How should you include the price tag of healthcare costs in your retirement plan? Many people underestimate what their healthcare expenses may be. At times, it’s even to a great extent.
In a March 2017 survey by Voya Financial, 69% of baby boomers said they expected to pay “$100,000 or less” for healthcare expenses in retirement. Among retirees, 66% also expected their healthcare costs to be $100,000 or below.
Retirement Healthcare Comes with a Hefty Price Tag
Those cost expectations are insightful, especially considering that even for affluent households, a 3-day stay in an out-of-network hospital can quickly exceed $50,000, as Ryan Costlin writes in a BenefitsPro article for financial advisors.
Even so, their estimates are far below what organizations like Fidelity and the Employee Benefit Research Institute project. According to Fidelity Benefits Consulting, a 65-year-old couple retiring in 2017 would need an average of $275,000 for their medical expenses.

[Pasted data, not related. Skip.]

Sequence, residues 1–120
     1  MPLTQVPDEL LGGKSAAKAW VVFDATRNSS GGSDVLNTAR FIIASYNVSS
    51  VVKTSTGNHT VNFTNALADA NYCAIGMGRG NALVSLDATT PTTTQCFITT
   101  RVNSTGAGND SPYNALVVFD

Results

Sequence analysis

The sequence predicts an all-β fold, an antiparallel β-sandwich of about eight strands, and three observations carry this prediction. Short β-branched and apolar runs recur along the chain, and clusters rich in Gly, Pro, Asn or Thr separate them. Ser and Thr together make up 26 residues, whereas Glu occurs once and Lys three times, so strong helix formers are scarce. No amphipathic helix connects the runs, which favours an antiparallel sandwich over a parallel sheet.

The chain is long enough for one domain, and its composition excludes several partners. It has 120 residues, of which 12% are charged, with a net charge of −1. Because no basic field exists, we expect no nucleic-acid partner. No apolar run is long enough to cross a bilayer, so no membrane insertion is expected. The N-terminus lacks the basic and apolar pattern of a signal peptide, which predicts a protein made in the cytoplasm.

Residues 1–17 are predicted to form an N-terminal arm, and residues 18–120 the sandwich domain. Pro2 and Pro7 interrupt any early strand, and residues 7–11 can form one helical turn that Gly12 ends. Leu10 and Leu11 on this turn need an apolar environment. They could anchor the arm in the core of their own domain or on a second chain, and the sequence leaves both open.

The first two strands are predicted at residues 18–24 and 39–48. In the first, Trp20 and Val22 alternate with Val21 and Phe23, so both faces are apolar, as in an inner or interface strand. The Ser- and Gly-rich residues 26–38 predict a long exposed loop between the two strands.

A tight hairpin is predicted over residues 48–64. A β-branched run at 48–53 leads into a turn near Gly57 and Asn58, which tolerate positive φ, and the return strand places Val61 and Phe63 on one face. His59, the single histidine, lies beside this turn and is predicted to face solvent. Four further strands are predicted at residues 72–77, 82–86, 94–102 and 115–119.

Their $275k price tag is based on a couple with traditional Medicare insurance coverage. And it doesn’t even include the costs of dental care, nursing home care, or even other potential long-term care services.
In its research, the Employee Benefit Research Institute ran simulations that produced 100,000 observations. They accounted for the uncertainty of how long individuals might live and the unknowns of what their rates of return on investments might be.
The institute found that, assuming they had median prescription drug costs, an average couple would need $273,000 in savings to be 90% confident that they could cover healthcare expenses in retirement. This study assumed the healthcare expenses to be covered would be premiums for Medicare Parts B and D, premiums for Medigap Plan F, and out-of-pocket costs for outpatient prescription drugs.
Lifetime Healthcare Costs in Future Dollars Value
Other researchers have also run projections that account for future dollars. Research firm HealthView Services estimates that total projected lifetime healthcare premiums for a healthy 65-year-old couple retiring in 2017 would have been $321,994 in present dollars – or $485,246 in future dollars.
Adding in deductibles, copays, hearing, vision, and dental cost-sharing, total lifetime healthcare costs would go up to $404,253 in present dollars for a couple retiring in 2017. That figure would be $607,662 in future dollars.
What Would Medicare Cover?